One example for this ‘culture’ is the Paper Factory:[3] it was established in Çorum after contacting agents in Istanbul had found out about the machines of an abandoned Italian paper factory and organized the partners and their savings, with which the machines could be bought, renewed and start operating. The question then is how these partners and their men operated those machines and organized the work flow, since they had by then no experience whatsoever. One strategy was to bring the Italian managers and workers as well as retired workers of SEKA[4] factories from nearby cities to Çorum. One businessman described this experience as a school, where people from all ranks –including the workers who came to the factory from nearby villages- learned artisanship, the machines, techniques, engineering, management and book keeping. He added to the list of acquired skills: manners, time keeping, and discipline as well. However, when the factory required more investments in the following years, the partners and their sons saw the additional investments as a burden. Instead they wanted to withdraw their shares from the paper factory to reinvest and deploy the skills and techniques they acquired in different businesses. This is pretty much how the culture of multiple partnership began to fall apart.

The transfer of knowledge, skills, techniques and manners from abroad can be observed in other cases as well, such as the first flour factory of Çorum which has followed a similar pattern. In these cases and also in others, the crucial part was to repair the machines which were broken or old. Some of the businessmen of today are the artisans of metals and welding in 1990s who have replaced the broken parts by learning from each other, imitating and developing each other’s work, and even creating new pieces and models. Another and earlier pattern of transferring artisanal skills was learning from and working with the local Armenians, who lived in Çorum and nearby counties but gradually fled after 1915 due to the widespread impact of Armenian genocide in Anatolia. In fact, there are plenty of stories about Armenian artisans that businessmen recall, that their fathers or their masters have been an apprentice of. Not only the skills but also the lands of local Armenians were transferred to the Muslims after their deportation and flight.  These long time denied and disguised issues are rarely mentioned by only a few local industrialists and elites here. Therefore the extent of the appropriation of lands from Armenians to Muslim Turks is blurry and its impact on the development of Çorum trade and industry in 20th century is unclear. Nevertheless, the findings strongly hint that the appropriated lands of the Armenians have become a resource of wealth and capital for at least some of the new Muslim tradesmen who were flourishing in the early years of the Republic and whose grandchildren have probably become the elites of Çorum today.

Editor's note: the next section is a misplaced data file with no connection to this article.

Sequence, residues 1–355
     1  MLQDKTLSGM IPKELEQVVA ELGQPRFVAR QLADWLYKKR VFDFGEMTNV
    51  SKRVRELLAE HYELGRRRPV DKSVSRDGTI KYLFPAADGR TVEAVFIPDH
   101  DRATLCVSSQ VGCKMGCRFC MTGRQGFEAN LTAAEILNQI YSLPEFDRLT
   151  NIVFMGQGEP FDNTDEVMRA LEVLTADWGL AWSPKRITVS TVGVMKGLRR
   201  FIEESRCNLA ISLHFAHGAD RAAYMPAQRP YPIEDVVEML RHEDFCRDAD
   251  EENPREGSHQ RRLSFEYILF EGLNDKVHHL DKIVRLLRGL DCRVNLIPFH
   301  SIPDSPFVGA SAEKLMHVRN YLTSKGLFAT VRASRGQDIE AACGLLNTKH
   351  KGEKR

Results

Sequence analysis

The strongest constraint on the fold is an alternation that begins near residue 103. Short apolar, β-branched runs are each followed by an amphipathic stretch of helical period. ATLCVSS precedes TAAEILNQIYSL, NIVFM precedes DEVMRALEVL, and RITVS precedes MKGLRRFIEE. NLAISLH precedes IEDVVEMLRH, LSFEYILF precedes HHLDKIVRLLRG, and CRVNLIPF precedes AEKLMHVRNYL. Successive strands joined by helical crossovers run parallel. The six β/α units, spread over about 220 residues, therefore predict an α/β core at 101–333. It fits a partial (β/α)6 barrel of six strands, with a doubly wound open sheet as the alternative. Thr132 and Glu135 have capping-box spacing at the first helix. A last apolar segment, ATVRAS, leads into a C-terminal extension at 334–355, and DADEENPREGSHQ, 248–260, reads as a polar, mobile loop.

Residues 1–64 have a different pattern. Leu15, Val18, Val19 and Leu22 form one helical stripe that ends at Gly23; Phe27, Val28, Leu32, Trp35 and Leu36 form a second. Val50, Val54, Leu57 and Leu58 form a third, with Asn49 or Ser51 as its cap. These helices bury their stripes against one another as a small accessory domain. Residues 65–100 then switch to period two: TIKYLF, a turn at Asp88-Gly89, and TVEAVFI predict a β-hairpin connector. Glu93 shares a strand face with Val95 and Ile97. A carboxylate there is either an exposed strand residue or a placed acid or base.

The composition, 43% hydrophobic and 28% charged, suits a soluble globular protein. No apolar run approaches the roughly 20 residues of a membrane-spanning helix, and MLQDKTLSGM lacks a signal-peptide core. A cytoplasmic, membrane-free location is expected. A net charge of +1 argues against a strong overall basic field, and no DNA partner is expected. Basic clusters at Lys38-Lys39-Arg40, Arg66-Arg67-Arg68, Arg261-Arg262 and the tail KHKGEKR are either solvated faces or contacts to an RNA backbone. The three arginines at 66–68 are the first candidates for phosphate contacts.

Çorum’s history is complicated not only because of the ethnic cleansing of Armenians a century ago and the 1980s ‘incidents’ related to the Alevis. Contrary to the common knowledge available in everyday conversations, Çorum’s population is not only composed of Sunni and Alevi Turks. While their numbers are unknown, Sunni Kurds who lived in Çorum’s villages for centuries, Circassians who fled from wars and ethnic cleansing in Russia after 1864 and Alevi Kurds who fled from the Dersim Massacre at the end of 1930’s constitute the minorities in Çorum. However the cutting axis of Çorum people’s identities is not ethnicity, but the religious denominations. I learned early on from a real estate agent in Çorum that after the 1980 ‘incidents’ the main road from the Clock Tower to the North called Gazi Street has become the red line separating the Alevi and Sunni residential areas; former on the right side of the street, latter on the left side. The Circassians also have built a residential area of their own but they identify themselves more with tradition than religion, so their residential and cultural boundaries has been more flexible than those of the Sunnis-Alevis. Nevertheless, the boundaries between Alevis and Sunnis have also stretched through time. The main street where Alevis are concentrated is full of cafes and restaurants where Sunnis freely go, they also rent/buy houses there, but it is rarely the other way around. One of the reasons people mention as causing the end of the ‘culture of multiple partnerships’ is the resentment these two groups have come to feel for each other especially after the ‘incidents’. Today, nevertheless, people from different religious denominations do become business partners or work in each other’s companies. One should not assume however, that the tension is totally relieved in 36 years, becoming partners or working for the other’s company is quite selective and involves tensions, arrangements, struggles as well as resolutions. I hope to approach these issues in a more detailed manner in my interviews with the business owners and workers as well as during my participant observation in a machine factory in the following months of my research.


[1] Sunni tradition is officially recognized and culturally and financially supported by the Turkish state, while Alevism, a syncretic minority denomination in Islam, venerating the Caliphate of Ali, Prophet Mohammed’s niece and son-in-law, is not.

[2] Çorum Cement factory went into operation in 1957 and got privatized in 1992. According to the respondents between the ages of 40-60, the factory also served as a recreational facility for city bureaucrats, civil servants, lawyers, engineers, in addition to the workers and personnel of the factory. Çorum Sugar Factory is active since 1991. One should note that, in fact, the neighboring cities also have received similar amount of state investments.

[3] Now sold to a British owned company.

[4] SEKA is the abbreviation for Turkish Cellulose and Paper Factories Company, which is the first state industrial establishment of the Republic. SEKA opened up many paper factories all around Anatolia, was privatized in 1998 and closed down in 2005.